old english accent was closer to American southern accent

Discussion in 'Miscellaneous' started by EmoBorg, Mar 10, 2013.

  1. EmoBorg

    EmoBorg Fleet Captain Fleet Captain

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    A few months ago, I came across an article, that stated that the British Received Pronunciation accent was of recent origin.

    The link to the article is below.

    http://mentalfloss.com/article/29761/when-did-americans-lose-their-british-accents

    Yesterday i came across a Vsauce youtube video and according to the video, The General American Southern Accent is much closer to the old English accent than the British Received Pronunciation accent.

    http://www.youtube.com/watch?v=atI-JPGcF-k

    If that is the cause, shouldn't all actors in future dramas set in the Elizabethan era, the Stuart period or the English civil war should speak with a General Southern American Accent from now onwards?

    Could The BBC hire American actors to play historical English characters who lived before the 18th century and simply let them use their natural American accent.
     
  2. ainmneacha_Nollag

    ainmneacha_Nollag Living the Irish dream. Admiral

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    One would think they could, but I'm not sure it would happen.
     
  3. T'Girl

    T'Girl Vice Admiral Admiral

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    In the unlikely event that we get another TNG movie with the original cast, I want the French Captain Picard to be speaking in an thick (as Georgia mud) Southern drawl.

    Worf; "Romulans decloaking Sir."

    Picard: "Well boy, getz them shields eep."



    :)
     
  4. EmoBorg

    EmoBorg Fleet Captain Fleet Captain

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    i want the julian bashir character to speak in a North Carolina accent.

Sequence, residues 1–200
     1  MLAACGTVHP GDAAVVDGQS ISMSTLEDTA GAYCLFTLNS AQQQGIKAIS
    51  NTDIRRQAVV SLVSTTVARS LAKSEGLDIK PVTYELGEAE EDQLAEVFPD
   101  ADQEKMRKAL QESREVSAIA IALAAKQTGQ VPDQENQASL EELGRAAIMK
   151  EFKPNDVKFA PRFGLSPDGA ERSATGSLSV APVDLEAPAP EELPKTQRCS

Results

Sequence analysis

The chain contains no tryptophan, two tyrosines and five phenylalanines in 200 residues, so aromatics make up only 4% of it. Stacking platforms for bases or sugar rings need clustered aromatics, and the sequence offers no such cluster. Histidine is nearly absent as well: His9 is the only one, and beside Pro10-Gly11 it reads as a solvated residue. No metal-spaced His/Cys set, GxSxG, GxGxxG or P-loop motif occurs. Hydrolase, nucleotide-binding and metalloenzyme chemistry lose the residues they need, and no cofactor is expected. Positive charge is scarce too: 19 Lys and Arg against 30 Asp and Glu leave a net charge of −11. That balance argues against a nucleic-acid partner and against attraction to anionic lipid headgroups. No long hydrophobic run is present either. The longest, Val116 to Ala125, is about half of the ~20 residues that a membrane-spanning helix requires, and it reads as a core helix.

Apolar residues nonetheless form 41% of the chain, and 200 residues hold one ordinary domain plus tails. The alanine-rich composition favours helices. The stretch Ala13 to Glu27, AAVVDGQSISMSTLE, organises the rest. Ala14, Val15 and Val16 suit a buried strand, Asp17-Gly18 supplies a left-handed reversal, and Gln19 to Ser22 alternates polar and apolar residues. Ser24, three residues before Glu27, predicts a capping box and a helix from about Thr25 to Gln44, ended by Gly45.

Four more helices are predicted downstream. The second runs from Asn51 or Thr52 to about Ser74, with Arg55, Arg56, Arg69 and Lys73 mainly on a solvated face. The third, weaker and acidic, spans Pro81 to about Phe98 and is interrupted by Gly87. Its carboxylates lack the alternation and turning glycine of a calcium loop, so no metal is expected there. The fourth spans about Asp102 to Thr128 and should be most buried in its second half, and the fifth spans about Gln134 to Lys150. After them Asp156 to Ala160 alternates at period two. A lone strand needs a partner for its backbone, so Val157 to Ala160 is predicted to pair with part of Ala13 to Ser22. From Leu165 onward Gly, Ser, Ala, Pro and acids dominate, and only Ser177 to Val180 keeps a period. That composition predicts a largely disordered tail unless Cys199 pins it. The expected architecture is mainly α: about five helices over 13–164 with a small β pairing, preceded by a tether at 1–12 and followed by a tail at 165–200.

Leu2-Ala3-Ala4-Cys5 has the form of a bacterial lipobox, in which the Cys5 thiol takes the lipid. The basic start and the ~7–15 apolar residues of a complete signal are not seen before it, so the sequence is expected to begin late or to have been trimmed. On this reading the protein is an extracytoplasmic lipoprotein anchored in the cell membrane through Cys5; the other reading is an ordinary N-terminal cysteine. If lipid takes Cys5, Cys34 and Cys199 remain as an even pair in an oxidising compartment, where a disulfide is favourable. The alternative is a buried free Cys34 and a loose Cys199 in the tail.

5. gturner

    gturner Admiral

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    I think the accents in eastern Kentucky and West Virginia would be closer than general Southern. They're similar to the Southern accent but without the drawl, and tend to be very rapid and clipped with vowel sounds that I still have to interpret for people. My "i" sound, for example, is closer to what you say when a doctor puts a tongue depressor down your throat. People have frequently heard me and said, "That's a vowel?!!!"
     
  6. EmoBorg

    EmoBorg Fleet Captain Fleet Captain

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    You mean like the girl in the video below.

    4[​IMG]
     
  7. M'Sharak

    M'Sharak Definitely Herbert. Maybe. Moderator

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    The central Appalachian accents generally, but also the Chesapeake island dialects and possibly those found in the more remote corners of Vermont, New Hampshire and Maine.
     
  8. Alidar Jarok

    Alidar Jarok Everything in moderation but moderation Moderator

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    Why does everyone in something set in Ancient Rome have British accents instead of Italian accents? Yes, I know Classical Latin didn't sound Italian, but it sounded far more Italian than English. Some things are just conventions by now.

    I should add two clarifications to your post.